The learning journey of Eemaan - a child with Down Syndrome

In November 2017 I met Eemaan, a sparkly bright four-year-old with a diagnosis of Downs Syndrome, for the very first time. She was invited for an assessment at the Bal-A-Vis-X training event as her mum was undertaking the two-day training we organised with Integrated Brain. Since this time we have been working with Eemaan on a weekly basis.

At the very start


At the start she would sit and smile, communicate non-verbally for the best part of the session, occasionally saying single words and point. Eemaan’s balance was not sufficient to stand on the balance board. Her attention was scattered, and her ability to hold the small sand filled bag (like a bean bag) used during the Bal-A-Vis-X exercise, was inadequate. We would do face-to-face exercises. She would have an assistant seated behind taking her tiny hands and guiding them as to how to move the object. Eemaan’s hand was guided to move the sand-filled bag from her right hand to my left, I then passed it to my right hand and into her left hand. My assistant again helped her make the transfer from left to right hand crossing the midline. The whole exercise repeated many times each time the assistant guided Eemaan.

Progress with Bal-A-Vis-X

Fast-forward two months and eight sessions later and she was able to cross the midline in front of her body holding the sandbag by herself no assistants required. Moving it behind her body from the left to the right was more difficult than the right to the left. Nevertheless, at this point, we noticed a marked difference in her engagement and her joint attention had clearly improved. The next noticeably change her improved pen grip, from holding the pen in her fist to more of a tripod grip. Each session I asked her to draw on the whiteboard and on occasion she scribbled and said, "smiley face” and “Eemaan." Each week we practise tracing circles and creating smiley faces.


Nine months from our first meeting Eemaan is now using sentences, and her vocabulary is growing daily. She is also able to count to ten and beyond. She can stand on the board unaided but only with assistance and for a limited time of twenty to thirty seconds. Thirty seconds may not sound like a long time, but the additional exercises we do that loosen the pelvis, as well as leaning forward when moving the sandbag around her back, has improved her gait. What’s more, her initial fear of climbing onto the balance board is no longer an issue. She attempts the aeroplane pose of extended arms but then habitually sits down on the board instead of remaining in the standing position beyond 30 seconds...this is work in progress!


By using a trapping method for catching the ball, used for those unable to catch, she can catch the ball seven to eight times. She has developed a habit of folding her arms in to trap the ball when I bounce to her waist level. It is clear she is not tracking with her eyes but listening to the sound and traps the ball after she hears the cue of it bouncing on the floor. The work is not always consistent and keeping her motivated is an ongoing challenge. However, we have persevered with the routine both at home and in the therapy session, and her mum says Eemaan looks forward to her weekly sessions.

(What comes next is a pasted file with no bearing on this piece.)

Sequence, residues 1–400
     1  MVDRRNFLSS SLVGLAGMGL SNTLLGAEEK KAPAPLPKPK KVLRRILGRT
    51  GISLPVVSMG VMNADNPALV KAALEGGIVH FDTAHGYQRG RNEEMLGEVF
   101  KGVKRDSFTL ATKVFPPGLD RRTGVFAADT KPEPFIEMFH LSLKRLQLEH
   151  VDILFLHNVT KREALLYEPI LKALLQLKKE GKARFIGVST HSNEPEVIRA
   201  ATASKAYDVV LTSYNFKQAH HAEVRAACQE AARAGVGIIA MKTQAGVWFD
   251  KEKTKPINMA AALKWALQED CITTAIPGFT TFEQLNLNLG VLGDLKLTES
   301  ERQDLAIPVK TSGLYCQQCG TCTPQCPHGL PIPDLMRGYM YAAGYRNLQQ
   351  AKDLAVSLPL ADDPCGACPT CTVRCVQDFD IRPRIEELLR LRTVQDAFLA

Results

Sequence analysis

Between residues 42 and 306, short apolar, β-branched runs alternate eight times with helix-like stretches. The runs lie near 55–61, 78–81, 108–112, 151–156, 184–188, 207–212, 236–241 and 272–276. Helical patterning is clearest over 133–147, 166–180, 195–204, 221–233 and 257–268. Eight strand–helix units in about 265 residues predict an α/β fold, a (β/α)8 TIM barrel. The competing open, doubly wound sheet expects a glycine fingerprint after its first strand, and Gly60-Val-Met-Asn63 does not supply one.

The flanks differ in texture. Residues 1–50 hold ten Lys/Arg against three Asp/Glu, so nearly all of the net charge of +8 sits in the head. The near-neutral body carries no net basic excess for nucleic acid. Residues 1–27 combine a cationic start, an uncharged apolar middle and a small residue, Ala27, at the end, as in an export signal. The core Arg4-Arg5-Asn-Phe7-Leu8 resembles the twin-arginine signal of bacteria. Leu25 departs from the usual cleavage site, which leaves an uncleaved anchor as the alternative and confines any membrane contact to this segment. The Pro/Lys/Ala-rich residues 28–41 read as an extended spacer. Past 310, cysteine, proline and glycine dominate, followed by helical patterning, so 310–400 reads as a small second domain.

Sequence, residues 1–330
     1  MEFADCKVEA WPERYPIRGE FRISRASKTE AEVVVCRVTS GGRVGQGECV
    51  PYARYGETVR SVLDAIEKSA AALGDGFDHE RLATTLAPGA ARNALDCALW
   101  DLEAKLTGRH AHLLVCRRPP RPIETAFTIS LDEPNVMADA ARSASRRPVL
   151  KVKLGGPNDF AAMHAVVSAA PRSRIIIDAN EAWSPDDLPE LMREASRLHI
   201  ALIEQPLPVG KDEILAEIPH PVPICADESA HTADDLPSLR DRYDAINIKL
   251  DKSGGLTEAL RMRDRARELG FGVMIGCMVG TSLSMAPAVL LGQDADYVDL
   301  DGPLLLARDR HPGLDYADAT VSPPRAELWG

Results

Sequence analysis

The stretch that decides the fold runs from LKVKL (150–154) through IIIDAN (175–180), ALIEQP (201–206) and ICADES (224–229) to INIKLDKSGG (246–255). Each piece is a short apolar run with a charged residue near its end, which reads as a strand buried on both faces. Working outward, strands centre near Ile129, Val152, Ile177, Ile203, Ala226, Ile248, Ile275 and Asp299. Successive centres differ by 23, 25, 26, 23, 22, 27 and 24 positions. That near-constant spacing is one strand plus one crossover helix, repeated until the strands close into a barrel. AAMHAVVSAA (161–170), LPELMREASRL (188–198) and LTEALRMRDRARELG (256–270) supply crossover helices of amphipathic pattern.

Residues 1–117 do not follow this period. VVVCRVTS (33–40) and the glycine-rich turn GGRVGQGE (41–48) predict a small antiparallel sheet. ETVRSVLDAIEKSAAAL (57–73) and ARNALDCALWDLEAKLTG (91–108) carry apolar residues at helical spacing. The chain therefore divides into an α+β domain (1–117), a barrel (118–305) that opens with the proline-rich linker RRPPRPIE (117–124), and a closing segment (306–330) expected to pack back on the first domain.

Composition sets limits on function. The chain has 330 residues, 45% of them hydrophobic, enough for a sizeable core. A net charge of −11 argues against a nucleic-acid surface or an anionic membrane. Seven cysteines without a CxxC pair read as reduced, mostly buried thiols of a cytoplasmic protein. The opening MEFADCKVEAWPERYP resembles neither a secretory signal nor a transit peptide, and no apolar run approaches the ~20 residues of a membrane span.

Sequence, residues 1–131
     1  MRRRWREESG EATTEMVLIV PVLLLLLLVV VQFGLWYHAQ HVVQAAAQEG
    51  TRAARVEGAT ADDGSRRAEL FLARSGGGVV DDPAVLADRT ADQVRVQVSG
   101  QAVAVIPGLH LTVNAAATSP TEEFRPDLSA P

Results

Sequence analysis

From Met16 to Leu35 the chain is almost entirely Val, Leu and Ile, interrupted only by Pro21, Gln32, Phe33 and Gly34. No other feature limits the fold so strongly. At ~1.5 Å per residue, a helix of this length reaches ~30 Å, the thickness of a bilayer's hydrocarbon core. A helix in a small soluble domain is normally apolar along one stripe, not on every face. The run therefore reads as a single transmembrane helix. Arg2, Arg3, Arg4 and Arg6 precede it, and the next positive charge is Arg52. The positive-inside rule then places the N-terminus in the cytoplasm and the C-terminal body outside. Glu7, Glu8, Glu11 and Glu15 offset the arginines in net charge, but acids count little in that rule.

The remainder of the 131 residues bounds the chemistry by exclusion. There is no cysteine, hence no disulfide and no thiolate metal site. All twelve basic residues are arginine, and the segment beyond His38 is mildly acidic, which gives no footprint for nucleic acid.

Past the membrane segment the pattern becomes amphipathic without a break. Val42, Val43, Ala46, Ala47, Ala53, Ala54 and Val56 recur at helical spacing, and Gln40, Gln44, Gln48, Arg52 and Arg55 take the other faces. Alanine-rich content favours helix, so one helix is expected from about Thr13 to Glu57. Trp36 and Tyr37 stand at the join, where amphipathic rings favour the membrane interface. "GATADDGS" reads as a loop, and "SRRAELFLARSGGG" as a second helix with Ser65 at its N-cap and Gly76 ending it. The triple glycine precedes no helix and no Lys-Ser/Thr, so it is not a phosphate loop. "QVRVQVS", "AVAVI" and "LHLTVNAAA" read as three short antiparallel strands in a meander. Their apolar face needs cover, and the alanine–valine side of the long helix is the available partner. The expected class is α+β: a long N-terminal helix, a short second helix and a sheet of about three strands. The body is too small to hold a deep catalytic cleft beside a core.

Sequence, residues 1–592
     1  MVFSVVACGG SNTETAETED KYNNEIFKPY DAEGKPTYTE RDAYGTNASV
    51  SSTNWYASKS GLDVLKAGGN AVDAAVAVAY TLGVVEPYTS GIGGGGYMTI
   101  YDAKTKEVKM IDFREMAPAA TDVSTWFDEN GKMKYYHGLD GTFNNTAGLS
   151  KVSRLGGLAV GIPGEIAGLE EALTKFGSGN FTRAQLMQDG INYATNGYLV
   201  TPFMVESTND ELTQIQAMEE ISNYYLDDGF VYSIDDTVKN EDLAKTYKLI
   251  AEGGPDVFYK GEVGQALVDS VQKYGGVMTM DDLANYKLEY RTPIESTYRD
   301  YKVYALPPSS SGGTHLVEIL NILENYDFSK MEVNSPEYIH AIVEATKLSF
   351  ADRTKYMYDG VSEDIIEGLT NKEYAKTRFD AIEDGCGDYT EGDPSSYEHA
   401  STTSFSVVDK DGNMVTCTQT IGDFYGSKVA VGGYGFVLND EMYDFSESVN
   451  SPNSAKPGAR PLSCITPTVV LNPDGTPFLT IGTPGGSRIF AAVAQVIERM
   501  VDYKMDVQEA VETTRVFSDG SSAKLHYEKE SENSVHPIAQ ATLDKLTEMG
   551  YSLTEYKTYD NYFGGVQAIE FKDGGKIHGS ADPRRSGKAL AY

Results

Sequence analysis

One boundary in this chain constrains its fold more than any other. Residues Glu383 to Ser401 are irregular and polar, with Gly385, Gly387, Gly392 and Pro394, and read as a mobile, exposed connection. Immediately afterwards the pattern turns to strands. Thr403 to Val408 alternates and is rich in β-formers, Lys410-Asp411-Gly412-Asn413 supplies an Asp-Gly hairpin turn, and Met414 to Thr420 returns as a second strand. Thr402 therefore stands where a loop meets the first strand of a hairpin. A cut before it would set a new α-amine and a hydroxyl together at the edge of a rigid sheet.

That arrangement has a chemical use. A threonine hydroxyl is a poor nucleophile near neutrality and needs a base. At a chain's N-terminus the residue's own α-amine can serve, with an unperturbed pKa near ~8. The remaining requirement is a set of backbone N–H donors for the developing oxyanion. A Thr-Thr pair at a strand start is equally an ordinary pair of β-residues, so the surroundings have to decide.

Each child is different

Eemaan loves to wear pretty clothes, have different hairstyles and carry her own backpack, which she knows is her possession. Every time she works well she claps in recognition of her 'excellent' work. We in return reward her with a bead to thread onto her very own necklace. Each week she takes home a new necklace of up to ten beads all earned through the hard work on her part. She selects the colour herself and is very patient when pushing the bead onto the plastic needle. We also do patter cake songs, so she can build her rhythmic timing and continue to cross the midline during the therapy breaks.

She loves it when we change the names of the characters in the song to ‘Eemaan’ and as she laughs with joy at this her little eyes sparkle even more. In our therapy-breaks we also race little wind-up toys – she is so motivated following the toys racing across the room. It’s all part of the fun to engage her and help her participate in joint attention, motivate language and interaction.

Since September 2018 Eemaan joined a mainstream school. She has an assistant, but her mum (a PhD holder from UCL) insists she does not have the assistant for the entire duration of the day. Integrating is gradual and at her own pace. Eemaan listens to her mum when things have gone wrong and repeats the information verbatim so to remind herself of what not to do, such as touching the hair of other children. She says to me ‘Eemaan is not touching my hair, only her own.’ You can see from this engagement alone that her understanding is not so different from her peers, and the positive reinforcement with verbalisation shows her language and social behaviour developing.

The next goals are to improve fine-motor coordination, getting her to stand unaided on the board as well as having more clarity in speech. We are currently working with more action nursery rhythms to motivate her to move and sing. There is a long journey ahead, but this is the first part of many tiny steps forward.

The learning journey of Eemaan - a child with Down Syndrome will be a continuous feature on this blog.

With thanks to Dr K Osman for allowing Raviv Practice to share this story of her daughter’s progress and we thank Eemaan for being a motivated student who brings joy to our Thursday afternoons whilst she come to be taught we feel we are on a beautiful journey of learning from her.

Web editor